Our results indicate that bacterial DNA, including all bacteria, typical CF pathogens, and anaerobic bacteria, can be reproducibly quantified from CF airway specimens using qPCR. The bacterial load assay and specific organism assays had high intra-assay repeatability for specimens with rRNA gene copy numbers ≥102. In addition, qPCR results for split samples had excellent agreement for bacterial DNA detection and quantification indicating that little variability was introduced by our DNA extraction technique. Results from between-plate and within-plate analyses also indicate that variability in sample measurements was primarily attributable to subject and specimen differences and that processing variability was negligible. Anaerobes were detected frequently by qPCR from all airway specimen types.
Our results also indicate that the qPCR assays for P. aeruginosa, S. aureus and H. influenzae have variable sensitivity compared to culture for bacterial detection from CF airway specimens. Quantitative PCR and culture had similar sensitivity for detection of P. aeruginosa from sputa, but qPCR was less sensitive for detection of P. aeruginosa from oropharyngeal specimens. Staphylococcus aureus was detected less frequently by qPCR, particularly from oropharyngeal swabs and from sputum specimens with low quantities of S. aureus by quantitative culture (<105 cfu/ml). The increased sensitivity from sputum, especially for specimens with higher bacterial counts, and the high agreement between split-samples despite overall low sensitivity suggests that the limitation of qPCR is related to specimen characteristics, particularly low quantities of bacterial DNA, rather than inconsistency in assay performance. Unlike P. aeruginosa and S. aureus, H. influenzae was detected more often by qPCR than by culture from all specimen types.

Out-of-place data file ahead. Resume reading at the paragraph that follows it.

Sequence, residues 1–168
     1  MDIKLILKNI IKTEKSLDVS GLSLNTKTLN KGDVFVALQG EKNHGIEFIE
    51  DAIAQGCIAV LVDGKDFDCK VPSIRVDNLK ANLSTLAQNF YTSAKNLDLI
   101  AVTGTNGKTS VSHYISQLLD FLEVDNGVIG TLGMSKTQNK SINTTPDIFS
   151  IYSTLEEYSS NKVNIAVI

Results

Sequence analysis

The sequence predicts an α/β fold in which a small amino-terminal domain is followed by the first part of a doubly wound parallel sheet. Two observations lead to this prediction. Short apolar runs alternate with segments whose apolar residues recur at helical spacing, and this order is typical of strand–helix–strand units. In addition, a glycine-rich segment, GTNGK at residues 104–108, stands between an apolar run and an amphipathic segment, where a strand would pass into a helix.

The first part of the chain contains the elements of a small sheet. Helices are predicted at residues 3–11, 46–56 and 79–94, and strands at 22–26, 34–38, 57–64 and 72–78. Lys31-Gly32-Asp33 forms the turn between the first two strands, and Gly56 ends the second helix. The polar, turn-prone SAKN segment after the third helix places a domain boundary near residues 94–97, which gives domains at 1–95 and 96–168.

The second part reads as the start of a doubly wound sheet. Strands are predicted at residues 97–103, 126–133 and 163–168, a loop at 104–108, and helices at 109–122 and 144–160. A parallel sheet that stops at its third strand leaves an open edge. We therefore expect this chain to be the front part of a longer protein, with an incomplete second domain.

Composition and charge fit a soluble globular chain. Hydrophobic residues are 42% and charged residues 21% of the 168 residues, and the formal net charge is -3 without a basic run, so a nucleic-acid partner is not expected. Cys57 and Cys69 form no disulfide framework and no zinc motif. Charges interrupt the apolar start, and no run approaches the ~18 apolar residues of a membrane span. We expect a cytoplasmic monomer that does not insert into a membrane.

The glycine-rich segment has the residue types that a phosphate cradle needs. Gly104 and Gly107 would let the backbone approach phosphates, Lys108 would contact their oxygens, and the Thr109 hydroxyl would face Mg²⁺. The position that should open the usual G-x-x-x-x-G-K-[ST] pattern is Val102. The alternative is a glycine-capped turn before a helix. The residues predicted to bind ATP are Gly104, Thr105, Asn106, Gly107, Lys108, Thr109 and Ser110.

The ability to reproducibly quantify anaerobic bacteria from CF airway samples is an important advance in studying the complex CF airway microbiome. Two important developments sparked recent interest in anaerobic infection in CF. First, Worlitzsch and co-workers demonstrated that P. aeruginosa
was found in hypoxic mucus plugs within the CF airway lumen in patients with chronically infected with P. aeruginosa 
. Second was the development of molecular techniques that allow detection of fastidious bacteria including anaerobic bacteria without the need for culture 
. Multiple studies using molecular techniques or strict anoxic culture have demonstrated anaerobic bacteria in CF airway samples, including during pulmonary exacerbations